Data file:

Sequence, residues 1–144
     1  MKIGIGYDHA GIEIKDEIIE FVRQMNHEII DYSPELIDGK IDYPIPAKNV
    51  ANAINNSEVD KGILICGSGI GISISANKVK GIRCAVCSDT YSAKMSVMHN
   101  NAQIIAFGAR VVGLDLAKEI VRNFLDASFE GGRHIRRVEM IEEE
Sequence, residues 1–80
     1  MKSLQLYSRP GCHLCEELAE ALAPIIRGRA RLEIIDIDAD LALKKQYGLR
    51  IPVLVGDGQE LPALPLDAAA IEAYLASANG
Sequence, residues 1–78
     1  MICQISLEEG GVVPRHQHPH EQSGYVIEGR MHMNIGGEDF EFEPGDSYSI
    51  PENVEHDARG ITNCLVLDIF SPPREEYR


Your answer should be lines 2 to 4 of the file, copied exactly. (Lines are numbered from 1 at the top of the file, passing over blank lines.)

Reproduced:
     1  MKIGIGYDHA GIEIKDEIIE FVRQMNHEII DYSPELIDGK IDYPIPAKNV
    51  ANAINNSEVD KGILICGSGI GISISANKVK GIRCAVCSDT YSAKMSVMHN
   101  NAQIIAFGAR VVGLDLAKEI VRNFLDASFE GGRHIRRVEM IEEE